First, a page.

Services and parades:

  • In our experience, few local authorities will refuse road closures to allow the holding of commemoration services or parade. WMT would advise further discussion between those bodies who have responsibility for highways and the community to agree temporary closures.

WMT advise that the application in its current form is one that would cause harm to the special interest of the listed asset and to the significance of the setting of the Conservation Area. Should project proposals be developed that do not adversely affect the significance of the war memorial, WMT would be happy to provide further comment or advice. WMT welcomes the interest the community has in the war memorial and hope that our advice can be utilised to progress proposals that are more sympathetic.’

June 7, 2023

Leave a Reply

2 comments on “Faversham War Memorial Cross”

  1. Reply to The War Memorial Garden Committee
    We still do not know who is on the War Memorial Garden Committee, who appointed them and to whom they are accountable. There has been no public consultation on the current plans.
    The fact that Society members were invited and may have attended the Applicant's past launch and dedication events does NOT necessarily mean they approved of or supported what the Memorial Committee had implemented. It certainly does not mean they support the current proposals. See also 11 & 12 below.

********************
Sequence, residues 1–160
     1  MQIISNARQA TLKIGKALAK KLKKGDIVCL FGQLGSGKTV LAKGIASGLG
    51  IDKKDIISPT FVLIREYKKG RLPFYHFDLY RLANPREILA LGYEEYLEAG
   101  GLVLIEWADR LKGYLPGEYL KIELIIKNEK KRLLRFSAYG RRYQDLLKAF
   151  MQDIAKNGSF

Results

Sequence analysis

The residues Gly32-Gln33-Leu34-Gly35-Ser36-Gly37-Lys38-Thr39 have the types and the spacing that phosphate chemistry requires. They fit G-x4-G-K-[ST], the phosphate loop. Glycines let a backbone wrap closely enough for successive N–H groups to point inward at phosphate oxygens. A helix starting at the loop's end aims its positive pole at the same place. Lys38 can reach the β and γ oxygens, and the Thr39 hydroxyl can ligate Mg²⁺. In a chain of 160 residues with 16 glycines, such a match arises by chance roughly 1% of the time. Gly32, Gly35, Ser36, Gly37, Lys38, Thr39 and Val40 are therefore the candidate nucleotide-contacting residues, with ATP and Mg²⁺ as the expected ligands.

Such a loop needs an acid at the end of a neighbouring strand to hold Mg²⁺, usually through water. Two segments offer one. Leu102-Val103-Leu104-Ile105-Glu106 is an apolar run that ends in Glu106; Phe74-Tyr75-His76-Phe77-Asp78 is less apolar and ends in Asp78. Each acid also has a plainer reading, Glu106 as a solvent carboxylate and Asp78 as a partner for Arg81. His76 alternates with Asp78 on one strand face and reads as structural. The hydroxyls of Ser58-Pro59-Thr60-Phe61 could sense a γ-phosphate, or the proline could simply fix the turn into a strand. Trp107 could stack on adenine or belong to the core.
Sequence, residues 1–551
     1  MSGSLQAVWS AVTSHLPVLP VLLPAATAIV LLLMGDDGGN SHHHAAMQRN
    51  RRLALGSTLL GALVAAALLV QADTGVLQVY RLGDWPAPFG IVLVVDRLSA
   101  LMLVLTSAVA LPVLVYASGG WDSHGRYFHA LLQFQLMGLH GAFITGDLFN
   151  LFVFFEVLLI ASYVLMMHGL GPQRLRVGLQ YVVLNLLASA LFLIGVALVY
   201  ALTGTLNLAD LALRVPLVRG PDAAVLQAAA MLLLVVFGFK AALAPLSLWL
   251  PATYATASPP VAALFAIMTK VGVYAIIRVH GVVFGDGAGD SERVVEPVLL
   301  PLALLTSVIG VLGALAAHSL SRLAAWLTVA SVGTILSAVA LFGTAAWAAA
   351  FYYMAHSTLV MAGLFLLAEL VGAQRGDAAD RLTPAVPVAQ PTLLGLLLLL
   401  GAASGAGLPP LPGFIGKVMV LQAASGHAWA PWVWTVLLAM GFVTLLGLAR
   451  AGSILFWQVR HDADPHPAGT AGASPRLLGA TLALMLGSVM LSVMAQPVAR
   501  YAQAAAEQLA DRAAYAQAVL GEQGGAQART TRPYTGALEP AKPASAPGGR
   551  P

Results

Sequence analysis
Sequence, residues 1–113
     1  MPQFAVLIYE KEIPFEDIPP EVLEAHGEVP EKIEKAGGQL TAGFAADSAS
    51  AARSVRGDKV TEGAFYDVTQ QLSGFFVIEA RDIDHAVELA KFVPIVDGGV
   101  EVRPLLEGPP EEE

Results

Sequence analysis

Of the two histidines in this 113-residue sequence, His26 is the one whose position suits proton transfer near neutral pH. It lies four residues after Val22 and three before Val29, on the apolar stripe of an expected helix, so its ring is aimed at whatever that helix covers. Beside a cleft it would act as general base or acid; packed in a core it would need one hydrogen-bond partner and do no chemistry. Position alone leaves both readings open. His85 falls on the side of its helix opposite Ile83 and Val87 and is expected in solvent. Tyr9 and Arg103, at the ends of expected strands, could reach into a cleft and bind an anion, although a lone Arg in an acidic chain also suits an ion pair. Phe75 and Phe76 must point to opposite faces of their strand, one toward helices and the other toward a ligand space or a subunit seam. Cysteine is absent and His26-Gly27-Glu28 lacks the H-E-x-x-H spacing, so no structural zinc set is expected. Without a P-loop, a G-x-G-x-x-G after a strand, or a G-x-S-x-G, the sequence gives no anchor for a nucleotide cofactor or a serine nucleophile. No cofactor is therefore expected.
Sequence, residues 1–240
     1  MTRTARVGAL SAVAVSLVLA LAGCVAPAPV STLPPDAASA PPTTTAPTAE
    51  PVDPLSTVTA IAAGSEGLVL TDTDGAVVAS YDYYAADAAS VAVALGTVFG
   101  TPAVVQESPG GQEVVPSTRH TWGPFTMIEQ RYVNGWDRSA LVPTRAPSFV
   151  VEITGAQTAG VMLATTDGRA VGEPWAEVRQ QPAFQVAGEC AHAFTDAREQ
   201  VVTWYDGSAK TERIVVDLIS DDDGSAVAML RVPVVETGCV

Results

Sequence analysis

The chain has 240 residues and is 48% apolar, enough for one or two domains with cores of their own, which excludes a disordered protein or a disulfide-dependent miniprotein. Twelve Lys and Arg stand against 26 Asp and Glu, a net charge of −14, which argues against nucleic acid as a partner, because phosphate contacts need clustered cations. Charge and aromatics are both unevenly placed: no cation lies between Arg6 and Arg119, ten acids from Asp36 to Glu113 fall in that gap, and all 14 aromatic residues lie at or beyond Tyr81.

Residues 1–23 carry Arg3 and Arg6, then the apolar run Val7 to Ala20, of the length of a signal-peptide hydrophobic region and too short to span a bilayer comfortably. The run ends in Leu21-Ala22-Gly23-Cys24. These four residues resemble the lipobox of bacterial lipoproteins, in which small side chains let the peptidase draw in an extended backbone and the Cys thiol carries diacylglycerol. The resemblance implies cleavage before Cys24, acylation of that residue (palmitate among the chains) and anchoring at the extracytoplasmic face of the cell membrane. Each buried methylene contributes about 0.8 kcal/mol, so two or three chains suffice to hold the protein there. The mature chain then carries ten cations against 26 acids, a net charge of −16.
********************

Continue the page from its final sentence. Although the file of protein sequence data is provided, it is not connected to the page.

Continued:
The fact that other memorials (whether near or far) may have been moved does not make it any more acceptable to do the same thing here. Memorials are not playthings. Moving Listed buildings devalues their historic authenticity.

    A local precedent for moving a war memorial does not make a case for moving the Faversham one. The War Memorial Garden Committee has not provided a sufficient reason to move the War Memorial to overcome the NPPF's requirement that "there must be a compelling justification for relocation."
    The opinions of professionals interested in moving the Cross, does not mean there is no risk of damage in moving it. Granite is a brittle material and not easily repaired without that repair being obvious.
    The "long list of objections consist[ing} mainly of supposition and speculation" was reproduced from the formal paper which went to the Swale Planning Committee- it was not refuted then. Merely asserting that it is a list of "supposition and speculation" does not refute it. The Society maintains that, if reinstated, the original plinth arrangement shown in our photograph would be perfectly satisfactory for the laying of flowers and wreaths by those with disabilities.
    The Society accepts that the Memorial may be leaning slightly because of growth by the Holly. What we do NOT accept is that the present lean is a threat to the Memorial. The tree has a TPO by virtue of its location within the Conservation Area and is not part of a designed planting scheme. We do NOT agree that the tree's long-term survival is more important than maintaining the Listed Memorial in its original location.
    Historic England now rarely comments on list building or listed monument issues. Neglecting to comment does not amount to "no objection".
    The plain fact is that the naming of individuals did not happen in Faversham in 1923 & 1948 and that this 'non-naming' also happened in other locations. What is the historic relevance of doing so now, 100 and 75 years after the events?